One of my very favorite dishes — one I could eat every day — is the pasta con le sarde we’ve served for years at Providence. It’s a play on a traditional Sicilian recipe. The pasta includes fresh sardines, olive oil, fennel, pine nuts, raisins and bread crumbs. It’s crave-worthy. Grilled sardines are also delicious with nothing more than sea salt and lemon.

Fish this flavorful does the heavy lifting; you really don’t need to do much in order to make them memorable.

If you want something that’s a little more involved and definitely dinner party material, try quickly pickling the sardines. Serve these on grilled slices of baguette you’ve smeared with artichoke purée and then top them with roasted tomatoes. It’s a terrific appetizer, or you could serve it with a big salad of arugula dressed with simple vinaigrette for more of a main course salad.

Really, any preparation that includes salt and a touch of acid will do: The salt to bring out the flavor in the fish and the acid to tame the fat. It’s hard to go wrong with sardines.

Mackerel is just as flavorful and easier to prepare, since it usually comes already scaled and filleted. I particularly like Spanish, or sierra, mackerel, which has a shiny spotted skin that does beautiful things when crisped in a pan or on a grill. This fish is also particularly abundant and inexpensive, and is recommended as a best choice based on sustainability by the Monterey Bay Aquarium.

One way I love to serve it during the summer is alongside a piperade, a slightly spicy mix of peppers, tomatoes and chorizo. This mixture works with all sorts of fish: mackerel, sardines, swordfish or bluefish.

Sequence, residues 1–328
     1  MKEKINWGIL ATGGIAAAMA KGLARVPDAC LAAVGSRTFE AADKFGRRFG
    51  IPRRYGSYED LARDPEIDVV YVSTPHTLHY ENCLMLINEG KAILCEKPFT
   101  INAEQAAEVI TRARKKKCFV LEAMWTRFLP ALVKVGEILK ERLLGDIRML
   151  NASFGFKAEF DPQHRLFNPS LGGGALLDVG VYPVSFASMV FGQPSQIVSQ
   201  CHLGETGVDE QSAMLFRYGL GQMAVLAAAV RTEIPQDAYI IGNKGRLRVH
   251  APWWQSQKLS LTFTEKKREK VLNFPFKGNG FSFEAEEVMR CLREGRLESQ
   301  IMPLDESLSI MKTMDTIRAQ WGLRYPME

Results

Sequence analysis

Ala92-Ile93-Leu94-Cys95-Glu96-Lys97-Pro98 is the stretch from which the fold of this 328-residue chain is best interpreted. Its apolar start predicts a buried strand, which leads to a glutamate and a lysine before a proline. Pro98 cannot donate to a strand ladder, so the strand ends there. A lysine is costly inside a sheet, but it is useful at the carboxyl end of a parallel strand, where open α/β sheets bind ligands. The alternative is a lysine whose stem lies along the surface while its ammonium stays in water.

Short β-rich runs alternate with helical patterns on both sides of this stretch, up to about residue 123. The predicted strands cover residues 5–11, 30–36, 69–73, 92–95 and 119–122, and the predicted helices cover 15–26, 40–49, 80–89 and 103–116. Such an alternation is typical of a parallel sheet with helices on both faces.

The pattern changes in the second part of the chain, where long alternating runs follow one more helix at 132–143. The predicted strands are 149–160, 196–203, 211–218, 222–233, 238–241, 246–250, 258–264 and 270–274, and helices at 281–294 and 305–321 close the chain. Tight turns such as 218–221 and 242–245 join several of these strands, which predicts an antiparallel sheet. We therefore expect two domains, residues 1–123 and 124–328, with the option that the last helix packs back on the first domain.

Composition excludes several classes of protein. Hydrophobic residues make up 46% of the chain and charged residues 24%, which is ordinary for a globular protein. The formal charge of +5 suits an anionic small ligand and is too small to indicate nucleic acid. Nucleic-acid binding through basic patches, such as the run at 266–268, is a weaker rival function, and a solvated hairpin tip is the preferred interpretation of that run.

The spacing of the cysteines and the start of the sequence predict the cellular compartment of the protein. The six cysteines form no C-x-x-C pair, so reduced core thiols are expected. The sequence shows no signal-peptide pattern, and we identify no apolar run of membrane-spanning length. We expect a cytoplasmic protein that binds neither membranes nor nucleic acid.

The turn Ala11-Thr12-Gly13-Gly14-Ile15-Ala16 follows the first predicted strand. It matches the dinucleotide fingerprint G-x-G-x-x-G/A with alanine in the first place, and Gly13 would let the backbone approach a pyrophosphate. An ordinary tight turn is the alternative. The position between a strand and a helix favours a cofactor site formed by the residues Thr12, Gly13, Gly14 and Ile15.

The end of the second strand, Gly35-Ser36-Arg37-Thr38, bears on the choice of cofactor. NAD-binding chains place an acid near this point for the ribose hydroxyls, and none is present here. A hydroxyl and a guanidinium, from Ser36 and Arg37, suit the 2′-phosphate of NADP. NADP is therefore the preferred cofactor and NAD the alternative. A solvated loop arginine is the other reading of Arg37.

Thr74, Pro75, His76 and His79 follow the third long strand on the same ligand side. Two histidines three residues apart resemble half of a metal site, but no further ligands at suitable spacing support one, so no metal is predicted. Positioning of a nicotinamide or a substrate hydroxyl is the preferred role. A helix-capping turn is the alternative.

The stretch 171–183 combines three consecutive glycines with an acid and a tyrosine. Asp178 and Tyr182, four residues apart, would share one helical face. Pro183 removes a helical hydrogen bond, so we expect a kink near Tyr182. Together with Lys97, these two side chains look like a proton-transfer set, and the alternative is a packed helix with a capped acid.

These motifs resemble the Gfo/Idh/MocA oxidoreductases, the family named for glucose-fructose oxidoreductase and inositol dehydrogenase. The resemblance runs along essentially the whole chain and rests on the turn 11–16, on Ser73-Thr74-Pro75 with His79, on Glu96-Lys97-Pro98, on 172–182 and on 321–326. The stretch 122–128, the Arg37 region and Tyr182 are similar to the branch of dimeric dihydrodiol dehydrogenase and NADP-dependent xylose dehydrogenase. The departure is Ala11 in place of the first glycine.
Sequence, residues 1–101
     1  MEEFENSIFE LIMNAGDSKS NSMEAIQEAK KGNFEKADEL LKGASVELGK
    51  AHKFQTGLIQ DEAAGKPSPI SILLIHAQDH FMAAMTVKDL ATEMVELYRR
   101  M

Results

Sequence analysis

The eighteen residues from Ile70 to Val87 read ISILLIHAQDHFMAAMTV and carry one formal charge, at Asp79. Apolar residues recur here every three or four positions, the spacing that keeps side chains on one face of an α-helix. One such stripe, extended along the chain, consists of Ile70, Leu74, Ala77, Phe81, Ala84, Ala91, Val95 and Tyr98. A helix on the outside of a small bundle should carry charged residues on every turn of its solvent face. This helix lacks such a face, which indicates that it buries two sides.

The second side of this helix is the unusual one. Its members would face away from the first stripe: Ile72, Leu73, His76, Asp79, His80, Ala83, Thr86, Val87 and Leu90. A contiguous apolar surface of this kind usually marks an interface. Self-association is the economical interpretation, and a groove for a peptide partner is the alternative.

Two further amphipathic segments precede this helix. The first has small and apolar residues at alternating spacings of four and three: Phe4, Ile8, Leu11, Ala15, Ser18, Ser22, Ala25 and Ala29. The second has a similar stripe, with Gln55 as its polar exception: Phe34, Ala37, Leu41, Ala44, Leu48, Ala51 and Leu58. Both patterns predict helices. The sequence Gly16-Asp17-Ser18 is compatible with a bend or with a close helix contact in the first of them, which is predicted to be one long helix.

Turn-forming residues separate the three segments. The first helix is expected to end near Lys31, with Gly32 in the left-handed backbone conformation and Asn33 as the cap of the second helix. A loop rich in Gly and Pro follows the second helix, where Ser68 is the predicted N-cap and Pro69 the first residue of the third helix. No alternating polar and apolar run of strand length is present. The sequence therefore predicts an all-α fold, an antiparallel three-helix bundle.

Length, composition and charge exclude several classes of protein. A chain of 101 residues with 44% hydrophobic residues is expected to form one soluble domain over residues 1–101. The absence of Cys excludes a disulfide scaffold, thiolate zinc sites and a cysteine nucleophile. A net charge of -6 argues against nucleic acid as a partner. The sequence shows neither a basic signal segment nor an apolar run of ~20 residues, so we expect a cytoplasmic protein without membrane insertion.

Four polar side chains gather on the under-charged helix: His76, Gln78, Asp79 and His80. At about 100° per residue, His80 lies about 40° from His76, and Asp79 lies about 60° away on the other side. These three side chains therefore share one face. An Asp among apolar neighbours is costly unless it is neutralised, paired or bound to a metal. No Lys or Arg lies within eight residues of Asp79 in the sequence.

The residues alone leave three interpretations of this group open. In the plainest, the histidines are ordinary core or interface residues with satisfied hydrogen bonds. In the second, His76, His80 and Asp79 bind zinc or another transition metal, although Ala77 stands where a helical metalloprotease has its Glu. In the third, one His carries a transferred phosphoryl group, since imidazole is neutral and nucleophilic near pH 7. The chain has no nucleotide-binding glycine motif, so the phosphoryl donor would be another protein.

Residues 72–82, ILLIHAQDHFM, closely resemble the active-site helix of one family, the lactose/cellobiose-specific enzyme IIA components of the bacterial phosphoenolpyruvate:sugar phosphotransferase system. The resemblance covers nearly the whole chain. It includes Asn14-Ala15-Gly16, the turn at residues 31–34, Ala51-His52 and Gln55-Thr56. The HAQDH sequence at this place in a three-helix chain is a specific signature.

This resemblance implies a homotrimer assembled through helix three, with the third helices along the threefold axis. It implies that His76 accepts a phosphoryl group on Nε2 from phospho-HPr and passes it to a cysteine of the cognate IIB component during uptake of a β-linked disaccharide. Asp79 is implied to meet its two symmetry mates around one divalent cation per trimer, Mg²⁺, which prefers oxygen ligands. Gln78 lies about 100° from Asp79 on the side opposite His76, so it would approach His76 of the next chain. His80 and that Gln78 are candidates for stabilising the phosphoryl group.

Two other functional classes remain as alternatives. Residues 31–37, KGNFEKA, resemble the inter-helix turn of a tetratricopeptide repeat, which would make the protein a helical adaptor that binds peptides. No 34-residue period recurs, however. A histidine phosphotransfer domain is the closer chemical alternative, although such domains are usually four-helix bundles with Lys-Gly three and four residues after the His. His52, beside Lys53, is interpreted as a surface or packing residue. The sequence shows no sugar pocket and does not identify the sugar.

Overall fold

Sardines and mackerel, like black licorice, aren’t for everybody. I get that, but you really need to give them a try. My son, one of the pickiest eaters on the planet, hounds me, nearly every Sunday, to take him to Park’s Barbeque for their broiled mackerel. Go figure. If he can relish them, so can you.

View the original article here.

Oct 9 2013

Food Blog: Lemon Grilled Sardines

Total preparation time: 20 minutes. Total cooking time: 7/8 minutes. Total approximate cost: £1.02.

Autumn is definitely upon us now, but for a flavour of summer that is really cheap and not to mention great for you, give these sardines a go!


  • 1/2 Lemon
  • 3 Sardines
  • 2 Cloves of garlic
  • Olive Oil
  • Salt and Pepper
  1. Clean and gut your sardines. You may be able to find them already prepared, or you can ask a fishmonger to do it for you. However if braving it yourself rub the fish all over to remove any scales, and then just cut the belly from the gills to about 2 cm away from the beginning of the tail and remove the innards. Rinse out and it’s done. See it wasn’t so bad!
  2. Slice the lemon into thin wedges and scatter about half onto a baking tray. With the other half place in the carcass of the fish to allow the citrus flavour to permeate through.